In Calculus we teach that if the $a_n$ are positive and decreasing with limit equal to zero, then the alternating series $\sum_n (-1)^na_n$ converges. One can in general not leave out the assumption that the $a_n$ (eventually) decrease, as the example $a_{2n}:=1/n$ and $a_{2n+1}:=1/2^n$ shows. However, most examples are series where the $a_n$ are given by some function $a_n=f(n)$ (for $n\gg 0$).

So my question is, for which class of functions $\mathcal F$ do we have the property that if $f$ is a positive function in $\mathcal F$ and $\lim_{x\to \infty}f(x)=0$, then the alternating series $\sum_n (-1)^nf(n)$ converges. For instance, any o-minimal class will work, since any $f$ with limit zero at infinity must eventually be decreasing. But I think if we add the sine function to this class and close under addition, multiplication and composition, this is still true. In fact, I would almost dare to postulate that the class of elementary functions (i.e., the ones our students work with), have this property, and so we do not need to ``bug'' them with this extra condition.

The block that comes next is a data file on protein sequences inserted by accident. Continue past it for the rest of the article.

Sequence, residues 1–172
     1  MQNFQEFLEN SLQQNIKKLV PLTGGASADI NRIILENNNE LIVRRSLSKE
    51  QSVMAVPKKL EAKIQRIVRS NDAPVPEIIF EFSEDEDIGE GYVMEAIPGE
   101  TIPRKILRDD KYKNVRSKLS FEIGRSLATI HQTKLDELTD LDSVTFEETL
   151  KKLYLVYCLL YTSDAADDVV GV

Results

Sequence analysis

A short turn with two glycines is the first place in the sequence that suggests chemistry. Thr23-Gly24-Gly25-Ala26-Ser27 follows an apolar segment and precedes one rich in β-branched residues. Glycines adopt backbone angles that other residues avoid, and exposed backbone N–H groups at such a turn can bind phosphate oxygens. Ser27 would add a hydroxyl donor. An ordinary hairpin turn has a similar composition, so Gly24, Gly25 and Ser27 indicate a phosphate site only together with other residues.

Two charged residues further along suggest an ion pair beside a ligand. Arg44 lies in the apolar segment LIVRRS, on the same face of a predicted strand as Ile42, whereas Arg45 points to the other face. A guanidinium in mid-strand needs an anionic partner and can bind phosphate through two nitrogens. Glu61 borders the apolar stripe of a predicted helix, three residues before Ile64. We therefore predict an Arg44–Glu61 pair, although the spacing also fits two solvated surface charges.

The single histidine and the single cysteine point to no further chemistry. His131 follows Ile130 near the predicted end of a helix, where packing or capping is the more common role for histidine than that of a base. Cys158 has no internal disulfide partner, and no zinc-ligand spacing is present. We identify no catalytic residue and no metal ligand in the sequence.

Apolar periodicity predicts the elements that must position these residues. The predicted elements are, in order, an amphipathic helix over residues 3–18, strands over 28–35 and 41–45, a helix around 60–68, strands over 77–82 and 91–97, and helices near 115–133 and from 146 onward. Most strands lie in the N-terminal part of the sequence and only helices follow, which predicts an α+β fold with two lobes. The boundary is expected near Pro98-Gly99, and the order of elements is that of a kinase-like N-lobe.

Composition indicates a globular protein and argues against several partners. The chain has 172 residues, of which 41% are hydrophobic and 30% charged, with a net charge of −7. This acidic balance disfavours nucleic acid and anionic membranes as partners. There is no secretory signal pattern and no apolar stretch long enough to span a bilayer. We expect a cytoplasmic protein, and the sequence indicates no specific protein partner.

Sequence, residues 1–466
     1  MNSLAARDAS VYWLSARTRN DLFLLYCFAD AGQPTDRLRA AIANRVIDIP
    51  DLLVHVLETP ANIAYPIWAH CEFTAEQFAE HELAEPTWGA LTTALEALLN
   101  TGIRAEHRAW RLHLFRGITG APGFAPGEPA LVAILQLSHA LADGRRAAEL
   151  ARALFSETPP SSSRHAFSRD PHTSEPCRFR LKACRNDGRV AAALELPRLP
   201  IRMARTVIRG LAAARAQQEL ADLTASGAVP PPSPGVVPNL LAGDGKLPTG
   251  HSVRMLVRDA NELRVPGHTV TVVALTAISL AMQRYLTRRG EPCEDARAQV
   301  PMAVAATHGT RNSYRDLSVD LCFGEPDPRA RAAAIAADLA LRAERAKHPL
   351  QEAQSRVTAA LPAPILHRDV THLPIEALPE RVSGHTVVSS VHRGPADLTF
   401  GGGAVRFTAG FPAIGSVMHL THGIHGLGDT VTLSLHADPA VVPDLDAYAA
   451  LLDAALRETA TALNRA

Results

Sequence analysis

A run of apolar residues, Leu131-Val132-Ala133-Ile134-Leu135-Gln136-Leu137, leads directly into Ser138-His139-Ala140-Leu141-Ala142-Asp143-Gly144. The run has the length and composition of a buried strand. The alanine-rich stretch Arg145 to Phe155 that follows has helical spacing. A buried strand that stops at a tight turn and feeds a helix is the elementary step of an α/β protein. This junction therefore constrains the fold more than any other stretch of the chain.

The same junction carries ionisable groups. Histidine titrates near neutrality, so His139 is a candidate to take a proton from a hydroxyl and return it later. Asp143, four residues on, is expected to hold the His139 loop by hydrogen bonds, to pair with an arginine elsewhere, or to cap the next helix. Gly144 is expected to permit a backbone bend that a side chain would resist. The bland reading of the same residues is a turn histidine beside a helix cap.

anyfunction and modify it to have $f(\frac1n)=0$ for all $n\gg0$. I think that you might want to put some more restrictions, or elaborate slightly more on $\cal F$. (Also double spaces break into paragraphs and ease up the reading.) – Asaf Karagila Feb 20 '13 at 23:18